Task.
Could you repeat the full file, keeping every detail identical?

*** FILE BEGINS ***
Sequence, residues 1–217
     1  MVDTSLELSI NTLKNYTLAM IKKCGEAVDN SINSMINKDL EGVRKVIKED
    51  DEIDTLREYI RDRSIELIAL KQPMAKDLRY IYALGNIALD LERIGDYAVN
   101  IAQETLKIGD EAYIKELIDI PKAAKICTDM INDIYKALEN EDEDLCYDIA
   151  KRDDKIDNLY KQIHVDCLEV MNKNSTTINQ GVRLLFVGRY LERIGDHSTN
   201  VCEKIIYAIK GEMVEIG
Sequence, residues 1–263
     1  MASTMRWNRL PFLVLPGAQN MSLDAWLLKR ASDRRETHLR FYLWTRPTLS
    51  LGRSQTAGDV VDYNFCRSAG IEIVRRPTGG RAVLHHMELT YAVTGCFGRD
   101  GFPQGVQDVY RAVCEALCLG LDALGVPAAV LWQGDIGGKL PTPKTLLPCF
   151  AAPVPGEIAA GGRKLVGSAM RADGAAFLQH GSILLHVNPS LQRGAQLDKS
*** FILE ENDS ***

Sequence, residues 1–217
     1  MVDTSLELSI NTLKNYTLAM IKKCGEAVDN SINSMINKDL EGVRKVIKED
    51  DEIDTLREYI RDRSIELIAL KQPMAKDLRY IYALGNIALD LERIGDYAVN
   101  IAQETLKIGD EAYIKELIDI PKAAKICTDM INDIYKALEN EDEDLCYDIA
   151  KRDDKIDNLY KQIHVDCLEV MNKNSTTINQ GVRLLFVGRY LERIGDHSTN
   201  VCEKIIYAIK GEMVEIG
Sequence, residues 1–263
     1  MASTMRWNRL PFLVLPGAQN MSLDAWLLKR ASDRRETHLR FYLWTRPTLS
    51  LGRSQTAGDV VDYNFCRSAG IEIVRRPTGG RAVLHHMELT YAVTGCFGRD
   101  GFPQGVQDVY RAVCEALCLG LDALGVPAAV LWQGDIGGKL PTPKTLLPCF
   151  AAPVPGEIAA GGRKLVGSAM RADGAAFLQH GSILLHVNPS LQRGAQLDKS